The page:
This week I skimmed through a few secondary sources on Irish Immigration that I found in my college library. A particular section about immigration number inacuracies from the book cited below caught my attention. It was completely new and interesting information. Although we knew that some immigrants came to the US via Canada, we had no idea just how many and this book helped put that in perspective.
Leaving Europe on ships bound for Canada was often cheaper than sailing to America. Many such travelers came into North America via Newfoundland, New Brunswick, or Quebec City. There were a few who could not afford the trip to Boston by boat so they walked the nearly 600 miles to North Adams. The actual numbers of immigrants that came over land of over sea are unknown, and at best can only be guessed at. While there are figures showing those who sailed directly from Ireland to America, those that took a less direct route are not counted in those figures. Some Irish immigrants traveled through England and left from English ports. Some records may show that the passengers were originally from Ireland, but not all do. Additionally, during the 1800s the border between the US and Canada was far more fluid than today. Irish immigrants who simply walked across the border and into the US by way of Maine and other areas of New England would not be included in immigration numbers, as it wasn’t until the early 1900s that such land migrations were really recorded. One estimate believes that anywhere from between 1/4 and 1/7 of all Irish Immigrants into the US would have gone unrecorded. In essence, the true number of Irish immigrants that made the perilous Atlantic crossing to begin new lives in North America can never be known.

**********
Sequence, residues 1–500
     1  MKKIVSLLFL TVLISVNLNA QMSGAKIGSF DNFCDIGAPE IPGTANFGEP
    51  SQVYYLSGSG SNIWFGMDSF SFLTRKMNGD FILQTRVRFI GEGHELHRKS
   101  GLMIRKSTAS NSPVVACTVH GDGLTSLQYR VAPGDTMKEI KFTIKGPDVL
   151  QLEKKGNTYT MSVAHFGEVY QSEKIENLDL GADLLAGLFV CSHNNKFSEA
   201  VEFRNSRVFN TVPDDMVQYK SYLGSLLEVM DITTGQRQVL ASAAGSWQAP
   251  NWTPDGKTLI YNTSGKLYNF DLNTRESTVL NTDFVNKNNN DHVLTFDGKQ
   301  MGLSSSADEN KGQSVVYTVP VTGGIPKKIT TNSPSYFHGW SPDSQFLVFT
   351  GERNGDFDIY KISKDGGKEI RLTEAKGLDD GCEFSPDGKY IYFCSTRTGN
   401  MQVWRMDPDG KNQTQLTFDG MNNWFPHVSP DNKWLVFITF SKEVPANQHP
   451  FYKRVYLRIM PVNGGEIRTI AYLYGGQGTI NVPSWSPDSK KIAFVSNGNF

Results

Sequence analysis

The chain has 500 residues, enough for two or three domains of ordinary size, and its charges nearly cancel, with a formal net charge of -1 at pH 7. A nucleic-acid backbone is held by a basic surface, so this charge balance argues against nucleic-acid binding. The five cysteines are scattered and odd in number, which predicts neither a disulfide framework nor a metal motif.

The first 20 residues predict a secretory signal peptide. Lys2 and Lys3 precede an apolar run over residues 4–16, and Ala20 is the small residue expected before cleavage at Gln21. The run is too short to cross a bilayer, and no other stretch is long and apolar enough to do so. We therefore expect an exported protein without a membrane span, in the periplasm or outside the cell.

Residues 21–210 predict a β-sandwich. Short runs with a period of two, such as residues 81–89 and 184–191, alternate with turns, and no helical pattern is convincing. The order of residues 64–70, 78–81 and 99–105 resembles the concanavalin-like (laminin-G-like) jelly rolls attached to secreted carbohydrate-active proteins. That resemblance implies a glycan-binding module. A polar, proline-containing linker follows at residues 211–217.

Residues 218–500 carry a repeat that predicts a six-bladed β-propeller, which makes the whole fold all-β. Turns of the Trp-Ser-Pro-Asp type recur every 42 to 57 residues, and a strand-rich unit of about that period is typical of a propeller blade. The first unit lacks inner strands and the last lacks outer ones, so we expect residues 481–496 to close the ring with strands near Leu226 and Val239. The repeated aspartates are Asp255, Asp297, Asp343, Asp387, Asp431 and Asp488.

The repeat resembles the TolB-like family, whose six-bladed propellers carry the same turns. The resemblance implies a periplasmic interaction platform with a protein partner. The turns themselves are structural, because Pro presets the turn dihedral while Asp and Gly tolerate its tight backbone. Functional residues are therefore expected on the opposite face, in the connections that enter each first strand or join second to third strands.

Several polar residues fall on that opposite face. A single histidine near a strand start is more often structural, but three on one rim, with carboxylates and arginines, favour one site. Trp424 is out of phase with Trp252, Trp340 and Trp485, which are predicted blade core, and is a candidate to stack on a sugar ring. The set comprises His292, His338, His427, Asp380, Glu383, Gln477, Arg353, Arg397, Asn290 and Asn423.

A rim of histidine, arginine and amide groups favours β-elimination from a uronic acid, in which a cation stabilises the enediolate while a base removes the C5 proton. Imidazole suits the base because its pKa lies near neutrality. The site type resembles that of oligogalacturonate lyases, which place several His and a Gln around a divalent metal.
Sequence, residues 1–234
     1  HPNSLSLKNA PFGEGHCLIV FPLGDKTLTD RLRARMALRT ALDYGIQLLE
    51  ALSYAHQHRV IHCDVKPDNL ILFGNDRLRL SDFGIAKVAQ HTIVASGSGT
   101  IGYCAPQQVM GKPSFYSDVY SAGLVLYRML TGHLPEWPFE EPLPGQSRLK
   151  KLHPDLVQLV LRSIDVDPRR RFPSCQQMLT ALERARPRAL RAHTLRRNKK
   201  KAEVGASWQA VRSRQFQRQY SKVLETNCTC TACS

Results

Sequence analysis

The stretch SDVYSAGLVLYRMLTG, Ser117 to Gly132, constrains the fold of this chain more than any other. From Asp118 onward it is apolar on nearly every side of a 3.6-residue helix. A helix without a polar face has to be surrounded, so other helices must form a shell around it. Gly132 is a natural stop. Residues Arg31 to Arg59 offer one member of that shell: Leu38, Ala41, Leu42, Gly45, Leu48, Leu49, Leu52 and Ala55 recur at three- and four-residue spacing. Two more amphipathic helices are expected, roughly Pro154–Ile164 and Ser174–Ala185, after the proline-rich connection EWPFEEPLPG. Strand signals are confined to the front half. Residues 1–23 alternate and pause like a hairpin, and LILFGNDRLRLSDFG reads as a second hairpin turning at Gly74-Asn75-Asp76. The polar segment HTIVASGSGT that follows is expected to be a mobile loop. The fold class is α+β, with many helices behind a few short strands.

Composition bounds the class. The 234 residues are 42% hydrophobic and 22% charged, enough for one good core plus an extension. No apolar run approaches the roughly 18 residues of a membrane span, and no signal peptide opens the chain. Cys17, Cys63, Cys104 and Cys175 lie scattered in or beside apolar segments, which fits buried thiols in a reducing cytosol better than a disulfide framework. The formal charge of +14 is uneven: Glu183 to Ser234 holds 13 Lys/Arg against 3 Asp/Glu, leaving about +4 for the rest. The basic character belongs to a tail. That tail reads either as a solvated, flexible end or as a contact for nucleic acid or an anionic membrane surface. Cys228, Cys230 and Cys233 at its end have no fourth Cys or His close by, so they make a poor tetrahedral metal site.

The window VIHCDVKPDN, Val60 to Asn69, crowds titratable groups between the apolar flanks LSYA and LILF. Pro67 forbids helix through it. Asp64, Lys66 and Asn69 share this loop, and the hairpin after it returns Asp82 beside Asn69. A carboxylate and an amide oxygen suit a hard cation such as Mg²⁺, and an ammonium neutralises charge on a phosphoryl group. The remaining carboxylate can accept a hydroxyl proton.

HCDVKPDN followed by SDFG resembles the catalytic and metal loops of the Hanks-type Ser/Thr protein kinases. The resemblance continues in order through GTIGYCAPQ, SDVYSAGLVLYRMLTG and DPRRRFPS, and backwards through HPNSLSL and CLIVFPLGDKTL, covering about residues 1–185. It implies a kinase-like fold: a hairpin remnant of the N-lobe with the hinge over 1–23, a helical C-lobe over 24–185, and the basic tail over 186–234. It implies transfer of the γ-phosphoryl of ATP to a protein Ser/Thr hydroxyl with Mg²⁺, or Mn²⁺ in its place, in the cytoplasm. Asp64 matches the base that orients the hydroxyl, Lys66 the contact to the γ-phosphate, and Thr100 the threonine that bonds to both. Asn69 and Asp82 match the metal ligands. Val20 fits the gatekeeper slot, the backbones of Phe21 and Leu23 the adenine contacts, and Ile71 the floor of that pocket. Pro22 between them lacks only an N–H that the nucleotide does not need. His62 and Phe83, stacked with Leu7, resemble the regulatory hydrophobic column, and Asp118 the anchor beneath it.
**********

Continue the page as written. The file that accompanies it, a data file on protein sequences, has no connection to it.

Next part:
O’Sullivan, Patrick. The Irish in the New Communities. London: Leicester University Press, 1997.